How often should you empty a catheter bag?

  1. 0
    Our ward protocol says that IDC bags should be emptied at the end of each shift. One of my colleagues says that she was taught at uni' only to empty the bags when necessary because opening a bag to empty it is creating an unnecessary portal of entry for possible infectious bugs. Our ward manager said that if she can provide evidence of this theory then the ward protocol would be reviewed. However, she can't find any literature to support her arguement.

    It sounds plausible to me. What does anyone else out there think, and is there anyone who can direct me to a study or some literature to support her arguement?
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  3. 16 Comments so far...

  4. 0
    i honestly don't think it's anything noteworthy.
    uo almost always needs measuring, thus, 1x/shift is perfectly reasonable.
    likelihood of infection, i would think, is next to nil...
    certainly not enough to warrant change of procedure.

    maybe i'll snoop around.

    leslie
  5. 0
    Quote from earle58
    i honestly don't think it's anything noteworthy.
    uo almost always needs measuring, thus, 1x/shift is perfectly reasonable.
    likelihood of infection, i would think, is next to nil...
    certainly not enough to warrant change of procedure.

    maybe i'll snoop around.

    leslie
    I agree. To measure I/O's you have to empty at least once/shift. And if you think about it, all that urine left in the bag is moisture to breed bacteria anyway. So either way you look at it....
    Just the very act of inserting a cath is risk for infection.
  6. 0
    That would never work on my unit. We treat CHFers all the time. Tons of Lasix! Sometimes you can't empty those bags quick enough. LOL. Anywho....I was always taught to empty the bag when it needed emptying. But opening up a portal does makes sense if you think about it.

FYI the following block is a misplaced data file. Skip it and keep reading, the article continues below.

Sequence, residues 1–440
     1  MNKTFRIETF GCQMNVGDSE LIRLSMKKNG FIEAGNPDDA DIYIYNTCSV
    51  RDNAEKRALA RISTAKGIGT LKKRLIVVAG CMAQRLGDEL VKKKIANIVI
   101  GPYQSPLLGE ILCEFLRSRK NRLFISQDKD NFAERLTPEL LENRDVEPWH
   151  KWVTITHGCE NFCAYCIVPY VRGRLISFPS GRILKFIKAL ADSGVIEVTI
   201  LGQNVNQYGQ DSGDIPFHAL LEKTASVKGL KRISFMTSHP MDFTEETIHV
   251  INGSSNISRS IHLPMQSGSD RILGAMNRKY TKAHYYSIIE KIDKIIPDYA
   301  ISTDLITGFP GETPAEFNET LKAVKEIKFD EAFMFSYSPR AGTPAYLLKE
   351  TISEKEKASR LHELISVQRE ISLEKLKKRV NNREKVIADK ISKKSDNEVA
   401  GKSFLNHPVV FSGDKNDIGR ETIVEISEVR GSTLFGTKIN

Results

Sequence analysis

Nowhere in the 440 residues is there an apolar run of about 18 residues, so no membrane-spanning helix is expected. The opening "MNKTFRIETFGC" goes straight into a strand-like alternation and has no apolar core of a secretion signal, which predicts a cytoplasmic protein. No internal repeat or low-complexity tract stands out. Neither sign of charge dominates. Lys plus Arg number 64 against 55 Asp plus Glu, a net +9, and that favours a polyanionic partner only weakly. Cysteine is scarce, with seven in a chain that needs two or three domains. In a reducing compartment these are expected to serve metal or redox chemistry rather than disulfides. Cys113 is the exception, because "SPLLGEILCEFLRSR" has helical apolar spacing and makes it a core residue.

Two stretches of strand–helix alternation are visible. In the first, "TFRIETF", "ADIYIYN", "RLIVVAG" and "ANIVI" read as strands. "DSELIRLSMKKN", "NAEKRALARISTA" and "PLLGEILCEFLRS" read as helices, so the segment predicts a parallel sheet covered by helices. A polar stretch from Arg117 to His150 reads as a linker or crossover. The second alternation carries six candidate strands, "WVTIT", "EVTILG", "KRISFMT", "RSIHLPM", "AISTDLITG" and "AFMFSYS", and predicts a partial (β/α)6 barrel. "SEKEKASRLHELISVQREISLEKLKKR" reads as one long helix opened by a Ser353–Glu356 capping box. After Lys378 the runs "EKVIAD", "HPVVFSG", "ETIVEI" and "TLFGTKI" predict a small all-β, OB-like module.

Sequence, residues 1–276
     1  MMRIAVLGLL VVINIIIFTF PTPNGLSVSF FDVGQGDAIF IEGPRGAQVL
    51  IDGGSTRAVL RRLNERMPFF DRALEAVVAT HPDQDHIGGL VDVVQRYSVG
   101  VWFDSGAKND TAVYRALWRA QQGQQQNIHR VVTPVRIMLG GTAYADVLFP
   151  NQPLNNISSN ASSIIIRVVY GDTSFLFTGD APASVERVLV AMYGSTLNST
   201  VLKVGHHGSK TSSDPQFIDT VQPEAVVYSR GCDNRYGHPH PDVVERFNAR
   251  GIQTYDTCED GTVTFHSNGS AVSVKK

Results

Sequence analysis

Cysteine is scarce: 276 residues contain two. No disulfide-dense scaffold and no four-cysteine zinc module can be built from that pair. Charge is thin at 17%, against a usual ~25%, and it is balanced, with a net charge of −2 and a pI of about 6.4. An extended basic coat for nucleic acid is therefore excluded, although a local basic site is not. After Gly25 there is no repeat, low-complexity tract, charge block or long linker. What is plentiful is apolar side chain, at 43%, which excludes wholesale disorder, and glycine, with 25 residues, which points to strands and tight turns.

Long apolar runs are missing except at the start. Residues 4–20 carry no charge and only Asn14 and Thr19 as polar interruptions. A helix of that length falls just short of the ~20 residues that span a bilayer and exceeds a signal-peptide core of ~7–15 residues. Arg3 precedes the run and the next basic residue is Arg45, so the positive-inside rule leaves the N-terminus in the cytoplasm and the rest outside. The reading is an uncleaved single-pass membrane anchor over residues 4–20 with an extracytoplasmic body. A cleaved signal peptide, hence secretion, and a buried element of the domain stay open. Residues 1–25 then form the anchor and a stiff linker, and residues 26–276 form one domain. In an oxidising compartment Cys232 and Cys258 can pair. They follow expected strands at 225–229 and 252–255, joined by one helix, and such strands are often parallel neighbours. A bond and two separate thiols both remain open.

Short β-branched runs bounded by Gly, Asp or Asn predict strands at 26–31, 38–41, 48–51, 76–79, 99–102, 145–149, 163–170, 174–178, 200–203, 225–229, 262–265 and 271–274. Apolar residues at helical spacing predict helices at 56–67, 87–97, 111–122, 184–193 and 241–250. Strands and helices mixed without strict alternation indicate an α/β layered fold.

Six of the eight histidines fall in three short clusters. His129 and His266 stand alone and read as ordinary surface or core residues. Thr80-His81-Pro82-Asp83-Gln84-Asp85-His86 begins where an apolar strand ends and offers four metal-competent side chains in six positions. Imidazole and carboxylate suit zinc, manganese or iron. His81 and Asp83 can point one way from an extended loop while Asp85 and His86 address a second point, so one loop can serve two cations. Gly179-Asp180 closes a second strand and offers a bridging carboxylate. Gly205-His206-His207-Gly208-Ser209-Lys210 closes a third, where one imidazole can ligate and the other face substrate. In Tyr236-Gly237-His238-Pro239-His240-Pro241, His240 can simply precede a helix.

7. 1
    We empty them at end of shift, unless they're fixin' to bust.
    donsterRN likes this.
  8. 0
    I'm with mamason - we give LOTS of lasix. Our official policy is to empty qshift as all of our floor gets qshift I/O, but more often if it's full of course. We have a foley bundle to try to prevent infection - they are dated when put in, must have statlock, pericare q shift, bag below bladder of course - and now we also do a UA when it is put in to be sure patient doesn't already have an infection. We are putting in less and less due to infection unless we just really need a very strict I/O like on an incontinent patient who has CHF or renal failure. We pull them as soon as possible.
  9. 1
    I empty them as I see they need emptied. BUT.. I am anal. If they're half full and it's only 9AM, I'm going to empty it. I had a patient on Lasix and in 2 hours, he was filling the bag, so I emptied it 4 times on one shift. Sometimes, I will find one or two that the other aides or techs didn't empty on their shift, so I will immediately empty it.

    I don't want to risk my patients at risk for a UTI if the bag gets so full that it backs urine up into the bladder.

    I'm really anal about Foleys....
    psalm likes this.
  10. 1
    We empty q shift, unless the situation warrants it more frequently.

    It's never less frequently because foley cath= I&O
    psalm likes this.
  11. 0
    Forgot to add that I chart as I empty...
  12. 0
    Quote from Mommy TeleRN
    I'm with mamason - we give LOTS of lasix. Our official policy is to empty qshift as all of our floor gets qshift I/O, but more often if it's full of course. We have a foley bundle to try to prevent infection - they are dated when put in, must have statlock, pericare q shift, bag below bladder of course - and now we also do a UA when it is put in to be sure patient doesn't already have an infection. We are putting in less and less due to infection unless we just really need a very strict I/O like on an incontinent patient who has CHF or renal failure. We pull them as soon as possible.
    Our foley bundle also includes that the bag be emptied before it is 2/3 full. The worry here is that the statlock will fail, and the potential weight of the bag could cause trauma to the patient and thus lead to infection. We have been told that if the foley has been in for more than three days, the patient is almost guaranteed to have an infection.

    With the new medicare requirements that would refuse payment for hospital stays that include nosocomial infections, you bet more and more patients will be screened for UTI on admission, and fewer and fewer foleys will be placed.


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